What was time consuming was the act of creating the recognition moments. This caused me to ask myself questions like:

  • What would I recognize?
  • Why would I recognize one thing over another?
  • What was an appropriate level of recognition (whisper it, scream it)?
  • What should I actually say?

Truth is, I am not a natural recognizer, and so I had to train myself to write my recognition moments.  And I am the first to admit I’m still learning.  There are some basic tips for writing a good recognition moment including:

  • Be brief. Start with the words “thank you” if you can.
  • Be simple. You don’t have to explain all the details in your recognition, but there should be enough that the person believes that you understood and recognized the effort they put in.
  • Be specific. Try to keep to one specific idea of recognition. Tie it to the recognition reason (e.g. teamwork).
  • Encourage the recipient to do more of whatever you are recognizing.
  • You can do it via video or with graphics, and if that is natural to you, go for it.

Is my team loving Workhuman Cloud?  Absolutely!  Just read some of their reviews:

Sherri Rossi:

Although Workhuman Cloud is still new to our team, I find it to be an excellent way to touch base with our colleagues as we are consultants and we are rarely in the same location. When we recognize one another for the work that we do it allows us to show the appreciation we cannot necessarily demonstrate in person. I was also searching for a recognition tool that worked in small business teams (which is most of my client base) and this tool is bang on what I was looking for. I look forward to many recognition moments in the future.

Adrianne Lovelock:

It has been absolutely wonderful to be able to send (and receive!) recognition. Opening your inbox in the morning and finding recognition brings a smile to your face and makes me personally want to reciprocate that good feeling. Having this tool has given our team a fantastic avenue to acknowledge the positive work we all do and become even closer and more supportive than ever.

Did this post pique your interest?  If so, please go to to learn more about Workhuman solutions.

Are you still here?

Photo Credit: Andrew Morffew, Flickr

It has been a very long time since I’ve paid attention to this blogsite.  In the past couple of years I’ve used it to blog during conferences but that’s about it.

The site shows its age; weathered, stale.  It was developed over ten years ago. I had all sorts of ideas and I was passionate. In the beginning it had a lot of traffic.

But times have changed. I left for a while.

So I want to know, “Are you still here”?  I’m very curious about this. I’m not sure who is still milling about.

I’m not exactly sure why I stopped blogging regularly.  I used to enjoy writing and keeping up with the site.  Most important I valued the connections I made from it.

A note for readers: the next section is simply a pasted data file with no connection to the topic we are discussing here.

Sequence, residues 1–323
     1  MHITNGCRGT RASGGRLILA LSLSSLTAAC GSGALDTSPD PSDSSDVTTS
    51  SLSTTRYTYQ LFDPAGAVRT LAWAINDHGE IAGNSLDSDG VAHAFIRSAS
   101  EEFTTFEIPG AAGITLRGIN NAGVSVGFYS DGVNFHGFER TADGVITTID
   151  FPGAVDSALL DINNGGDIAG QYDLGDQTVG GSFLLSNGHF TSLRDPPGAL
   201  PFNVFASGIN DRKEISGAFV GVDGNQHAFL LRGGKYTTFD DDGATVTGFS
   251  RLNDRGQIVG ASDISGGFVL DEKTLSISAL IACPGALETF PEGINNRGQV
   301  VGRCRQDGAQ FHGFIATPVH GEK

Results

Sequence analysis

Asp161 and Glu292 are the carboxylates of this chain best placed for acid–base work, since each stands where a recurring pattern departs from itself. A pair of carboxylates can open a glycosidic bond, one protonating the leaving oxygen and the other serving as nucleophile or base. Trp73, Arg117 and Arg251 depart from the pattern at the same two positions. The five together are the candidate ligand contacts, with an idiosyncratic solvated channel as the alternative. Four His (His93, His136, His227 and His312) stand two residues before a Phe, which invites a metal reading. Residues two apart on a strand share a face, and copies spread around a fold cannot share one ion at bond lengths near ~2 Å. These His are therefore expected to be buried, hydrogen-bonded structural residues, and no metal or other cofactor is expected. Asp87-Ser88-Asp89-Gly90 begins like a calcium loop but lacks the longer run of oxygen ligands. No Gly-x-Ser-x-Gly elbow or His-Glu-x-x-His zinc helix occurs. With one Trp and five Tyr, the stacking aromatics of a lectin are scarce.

When I started, while I was hopeful about the blogsite’s prospects, I never expected that success would be tied to a community of bloggers, and readers, interested in engagement and talking all things HR.  I had no idea whether the site would have an audience, which it did, for a time.

I have often said that HR is a lonely business.  In many organizations, an HR team is just one or two people.  Whether they are agents of engagement or paper pushers, well that’s dependent upon a number of factors, not all talent or capability related. Having like minded people out there, even if just on the wires, was comforting to me.

Things changed a few years ago.  In my opinion, HR blogging became less about connecting and more about getting attention, like we were another version of the Kardashians.  I couldn’t keep up, didn’t want to keep up. Also, it seemed that the social media engines tried to own everything.  Monetizing impacted content for the worse.  And I feel that Trump ruined Twitter for normal people.

For me personally, I had the chance to do some other things and I turned away.  You know, hiking and stuff.  And work has been insanely busy.

I stopped reading blogs.  Sorry, if you were or still are a regular blogger, in the most Canadian way, I apologize for stopping.  It started gradually but then one day I realized I wasn’t reading them anymore. It wasn’t your content, it was me.  I didn’t evolve into the world of podcasts, I just sort of checked out.

So why am I writing this?

I’m thinking of coming back to blogging, maybe not this site specifically, maybe not in the first person.  But I am definitely thinking about blogging again.

Are you still here?  If yes, let me know.

If you are here, what are you up to?  Are you still interested in blogs?

Where can I find you?

Is there a chance we can reconnect?

I look forward to hearing from you, in whatever way you feel like reaching me.